Teach students to make, not copy, notes from books

Tuesday, March 5th, 2024 04:50 | By
Moi Avenue Primary School students at a KCPE examroom in the past. PHOTO/Print
Moi Avenue Primary School students at a KCPE examroom in the past. PHOTO/Print

Our teachers at Kivaywa Secondary School, in the early 1980s, were keen to know whether we were making optimal use of the instructional hours they had with us in the class.

Once or twice during a school term, they would tell the class prefect to collect our exercise books and hand them over to them after the lesson ended.

They would peruse the students’ exercise books to establish whether we made notes from the series of lessons they had taken us through. The assumption was that those who had taken notes while the teacher taught were not just present; they were also attentive.

Looking back, I find that our teachers were truly great teachers. Great in the mastery of the disciplinary knowledge they taught us and equally great in the pedagogical knowledge required to impart the disciplinary knowledge that gives a teacher, any teacher, not just the power, but also, the ability to teach.

Note taking and note making both require learners to think critically about what they are hearing or reading. Note taking applies to what one is hearing and note making applies to what one is reading. Both note taking and note making involve pulling the key points out of a whole lot of information.

Throughout my four years of secondary education at Kivaywa secondary school, we took notes. We didn’t make notes from any book—at least from the perspective of formal requirements from any of our teachers. I started making notes in my “A” levels. “A” students were mature enough then, to make notes from books—be they textbooks or books.

I recall this episode because, I have noticed, anecdotally though, that some teachers in some schools are asking students to make notes. Sadly, however, all the students do, is to copy notes from textbooks.

This is unfortunate. If students copy notes—and from textbooks—they are not thinking and processing. Without doubt, copying is a sterile instructional strategy.  There is no thinking or reasoning process going on in the mind. There is no cognitive demand or expectation when students are asked to copy notes. Without challenge, the challenge of the intellect, there is no engagement.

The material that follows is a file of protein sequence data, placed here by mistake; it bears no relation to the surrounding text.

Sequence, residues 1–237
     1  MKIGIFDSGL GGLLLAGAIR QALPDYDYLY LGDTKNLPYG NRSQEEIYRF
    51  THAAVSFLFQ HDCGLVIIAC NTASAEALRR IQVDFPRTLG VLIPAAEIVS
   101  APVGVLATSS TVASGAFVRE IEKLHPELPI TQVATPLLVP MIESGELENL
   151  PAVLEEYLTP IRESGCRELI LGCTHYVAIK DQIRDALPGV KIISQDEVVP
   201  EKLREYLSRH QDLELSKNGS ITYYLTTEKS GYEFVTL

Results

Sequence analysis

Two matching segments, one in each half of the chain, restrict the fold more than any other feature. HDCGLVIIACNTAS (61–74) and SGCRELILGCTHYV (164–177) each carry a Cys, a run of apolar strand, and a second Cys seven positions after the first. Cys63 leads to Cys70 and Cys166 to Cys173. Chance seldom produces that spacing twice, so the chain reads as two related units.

Student achievement is a product of engagement of mind, will and soul. And when learners take lots of time copying notes from textbooks, they are not learning but regurgitating what is in the textbooks without understanding it.

I recall one teacher. Perhaps, one or two great teachers of literature I ever came across in my nine years of studying literature as a discipline. The late Ugandan Makerere educated Okia Oriang.

Once the Ministry’s then Kenya Institute of Education (KIE), as Kenya Institute of Curriculum Development (KICD) was called, introduced new set books, Okia read all of them.

All he did, when (re)reading the books, was to mark turning points in the novels or plays. Turning points in a play or novel are important incidents or actions or events.

However, he insisted that all of us, without exception, read the Setbook he was about to teach next week. It was not his business to read the book with us from page to page. Literature is not taught as class readers.

For each lesson, he looked at the book from a particular perspective, the next lesson another perspective. He took us through an average of five different perspectives until we felt we knew all the things or happenings in the book and why they happened.

So, all we remember are important incidents in the book and, with that, trigger what happened before and after—in discussions and ultimately in the examinations.

The greatest transformational reform initiative a head of a basic education institution can do is to ensure that teaching is effective. The teachers should have time to thoroughly prepare for all the engagements they have with learners. They should teach at a speed and with appropriate teaching strategies; this will enable learners to follow the instruction, and make notes as they go along.

Note taking or note making? Yes. Note copying? A big No. Copying notes has zero educational value. It weakens the curriculum delivery process.  A curriculum I have personally found excellent.

—The writer is the Communications Officer, Ministry of Education

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